Norwegian technology companies Opera Software and Trolltech yesterday announced a strategic partnership agreement to combine their strengths and pursue joint business opportunities.
Opera authors the popular browser by the same name. Trolltech develops Linux technologies and cross-platform software. The companies said they would work to further integrate Trolltech’s Qtopia application environment for embedded Linux and Opera’s Web browser. The companies also plan to engage in joint marketing activities and sales training.
With this partnership, the companies are betting that a complementary set of products and a shared vision for the mobile communications and home entertainment markets position them well to explore mutually beneficial opportunities.
“Partnering with Trolltech simply makes sense. We have a full-featured and cross-platform mobile Web browser, and Trolltech’s Qtopia software provides a complete and customizable development platform and user interface for Linux-based home media and mobile devices,” said Opera Software CEO Jon S. von Tetzchner. “Together, we can leverage our combined strengths and present a more complete product offering to the market.”
First Fruits of Partnership
Opera and Trolltech believe close cooperation will strengthen the position of Linux in the market for mobile and home electronics. The first fruit of the companies’ collaboration can be seen in a new smartphone by ZTE, China’s leading telecommunications manufacturer and wireless solutions provider.
The new ZTE e3 mobile phone is an advanced Linux-based smartphone that is built on the Qtopia/Linux platform and includes the Opera Web browser. The Chinese Technology Development Plan (863) lists the ZTE e3 as one of the most important smartphone projects in China.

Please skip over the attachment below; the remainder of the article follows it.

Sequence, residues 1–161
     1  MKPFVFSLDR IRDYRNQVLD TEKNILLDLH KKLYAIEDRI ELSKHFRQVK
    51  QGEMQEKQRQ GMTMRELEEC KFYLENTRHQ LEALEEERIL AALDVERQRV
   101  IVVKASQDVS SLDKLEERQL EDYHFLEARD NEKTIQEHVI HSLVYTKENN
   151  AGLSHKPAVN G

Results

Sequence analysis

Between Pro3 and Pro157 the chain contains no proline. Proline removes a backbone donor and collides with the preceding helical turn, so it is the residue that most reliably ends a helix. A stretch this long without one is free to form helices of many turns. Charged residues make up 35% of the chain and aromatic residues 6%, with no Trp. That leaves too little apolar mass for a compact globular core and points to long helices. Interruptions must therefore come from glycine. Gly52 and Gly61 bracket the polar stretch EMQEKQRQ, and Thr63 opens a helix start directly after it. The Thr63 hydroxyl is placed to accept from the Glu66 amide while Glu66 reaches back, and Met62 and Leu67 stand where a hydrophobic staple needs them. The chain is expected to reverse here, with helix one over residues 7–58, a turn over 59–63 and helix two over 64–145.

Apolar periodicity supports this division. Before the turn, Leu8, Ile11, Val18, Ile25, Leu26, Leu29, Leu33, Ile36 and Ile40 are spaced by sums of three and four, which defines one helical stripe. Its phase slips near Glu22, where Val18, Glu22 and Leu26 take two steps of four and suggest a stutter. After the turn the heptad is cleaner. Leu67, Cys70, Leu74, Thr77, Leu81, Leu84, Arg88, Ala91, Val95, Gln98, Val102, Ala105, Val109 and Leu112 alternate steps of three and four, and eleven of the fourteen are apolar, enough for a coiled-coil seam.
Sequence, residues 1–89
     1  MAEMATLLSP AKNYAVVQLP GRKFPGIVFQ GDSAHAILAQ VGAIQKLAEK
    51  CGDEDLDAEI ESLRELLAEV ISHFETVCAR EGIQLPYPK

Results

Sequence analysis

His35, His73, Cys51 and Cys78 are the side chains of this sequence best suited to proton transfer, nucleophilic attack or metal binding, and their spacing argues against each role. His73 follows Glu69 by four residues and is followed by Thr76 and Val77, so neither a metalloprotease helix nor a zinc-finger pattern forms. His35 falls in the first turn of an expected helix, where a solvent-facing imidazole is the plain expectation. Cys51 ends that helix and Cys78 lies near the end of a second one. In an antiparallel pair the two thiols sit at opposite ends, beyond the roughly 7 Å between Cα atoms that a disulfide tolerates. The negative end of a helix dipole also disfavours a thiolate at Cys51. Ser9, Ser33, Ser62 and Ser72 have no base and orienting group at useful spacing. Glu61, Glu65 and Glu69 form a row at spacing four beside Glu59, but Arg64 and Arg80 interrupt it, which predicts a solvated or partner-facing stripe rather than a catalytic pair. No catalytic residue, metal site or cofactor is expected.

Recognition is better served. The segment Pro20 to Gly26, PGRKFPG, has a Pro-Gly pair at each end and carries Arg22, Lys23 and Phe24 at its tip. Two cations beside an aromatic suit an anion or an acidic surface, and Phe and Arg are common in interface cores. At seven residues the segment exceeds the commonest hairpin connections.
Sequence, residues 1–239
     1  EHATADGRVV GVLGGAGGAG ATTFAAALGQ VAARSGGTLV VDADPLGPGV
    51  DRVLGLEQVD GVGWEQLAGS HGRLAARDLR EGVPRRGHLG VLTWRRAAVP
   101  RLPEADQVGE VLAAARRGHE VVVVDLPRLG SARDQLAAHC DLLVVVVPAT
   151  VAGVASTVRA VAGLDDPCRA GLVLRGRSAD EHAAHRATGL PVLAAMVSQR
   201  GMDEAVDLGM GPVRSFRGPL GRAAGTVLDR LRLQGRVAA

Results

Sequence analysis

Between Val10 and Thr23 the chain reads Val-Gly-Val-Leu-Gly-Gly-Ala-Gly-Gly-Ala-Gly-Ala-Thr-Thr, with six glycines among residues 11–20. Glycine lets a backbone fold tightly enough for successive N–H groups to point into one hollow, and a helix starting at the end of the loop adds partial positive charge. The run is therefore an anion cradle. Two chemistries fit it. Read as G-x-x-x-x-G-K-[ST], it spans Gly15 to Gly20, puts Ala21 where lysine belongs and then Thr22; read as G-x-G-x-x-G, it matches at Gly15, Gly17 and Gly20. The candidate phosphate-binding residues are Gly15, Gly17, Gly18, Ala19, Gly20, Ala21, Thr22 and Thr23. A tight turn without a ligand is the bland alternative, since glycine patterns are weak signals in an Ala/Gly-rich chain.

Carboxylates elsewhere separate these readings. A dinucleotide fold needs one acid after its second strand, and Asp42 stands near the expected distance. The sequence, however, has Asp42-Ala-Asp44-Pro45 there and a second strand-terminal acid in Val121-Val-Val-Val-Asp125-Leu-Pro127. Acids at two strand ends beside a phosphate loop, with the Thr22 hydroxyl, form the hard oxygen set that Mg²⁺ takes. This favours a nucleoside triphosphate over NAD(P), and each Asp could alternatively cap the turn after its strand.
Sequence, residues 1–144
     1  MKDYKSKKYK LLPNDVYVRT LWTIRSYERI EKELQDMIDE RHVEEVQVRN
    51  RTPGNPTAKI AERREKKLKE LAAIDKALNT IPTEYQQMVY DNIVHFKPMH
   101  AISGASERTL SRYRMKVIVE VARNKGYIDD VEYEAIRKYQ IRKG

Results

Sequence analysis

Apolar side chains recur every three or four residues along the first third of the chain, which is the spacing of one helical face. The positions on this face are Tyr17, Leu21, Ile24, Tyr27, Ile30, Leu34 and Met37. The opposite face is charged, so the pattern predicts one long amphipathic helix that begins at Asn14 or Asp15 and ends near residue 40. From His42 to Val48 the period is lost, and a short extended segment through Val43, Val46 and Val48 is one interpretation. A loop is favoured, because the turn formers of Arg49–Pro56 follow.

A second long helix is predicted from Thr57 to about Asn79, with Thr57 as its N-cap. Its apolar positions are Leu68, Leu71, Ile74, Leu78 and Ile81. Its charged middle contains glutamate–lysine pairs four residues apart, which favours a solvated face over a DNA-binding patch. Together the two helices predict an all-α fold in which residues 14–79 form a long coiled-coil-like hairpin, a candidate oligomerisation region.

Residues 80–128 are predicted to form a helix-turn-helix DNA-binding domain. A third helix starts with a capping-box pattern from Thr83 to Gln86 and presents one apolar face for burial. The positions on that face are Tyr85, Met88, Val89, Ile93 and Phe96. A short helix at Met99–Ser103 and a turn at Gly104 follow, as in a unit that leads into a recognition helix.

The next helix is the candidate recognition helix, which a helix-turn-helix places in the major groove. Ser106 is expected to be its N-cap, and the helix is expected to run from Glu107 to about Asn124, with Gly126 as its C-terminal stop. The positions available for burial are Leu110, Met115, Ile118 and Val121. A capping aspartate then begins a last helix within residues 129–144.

But Jupiter Research analyst Michael Gartenberg told LinuxInsider that perhaps the greater value in the Trolltech alliance is longer term — in the home entertainment market. No one vendor is dominating in this space because most consumers have not yet caught on to the idea of browsing the Web on their television sets.
“Products like WebTV have not exactly taken the market by storm. It’s not as if there’s a tremendous market in the current home entertainment space,” Gartenberg said. “However, it will be very interesting to see this market develop as technology becomes an enabler of other types of content, like RSS feeds. There’s some potential opportunities in the home entertainment space down the road, particularly on Linux-based devices.”
Opera Needs Additional Alliances
But that’s down the road. In the meantime, Opera may be the dominant browser on Simbian-based solutions and has undoubtedly made inroads with Nokia and Sony Ericcson phones, but the Norwegian company is still facing challenges with its mobile browser penetration.
“Opera is not the dominant browser on most cell phones,” Gartenberg said. “Its goal, of course, is to become the real core component in mobile technology. Opera’s mobile technology is excellent and that’s why we are seeing more and more places looking to use Opera.”
Ultimately, analysts said Opera needs to forge additional strategic alliances in order to gain more market share in the mobile browser market. Trio ships with its own Web browser. Microsoft devices ship with Internet Explorer.
“Opera needs to create a partnership with Microsoft or Palm, or work with the phone manufacturers to get into the ecosystem in that way,” Gartenberg said. “It’s a question of persistence and the ability to persevere.”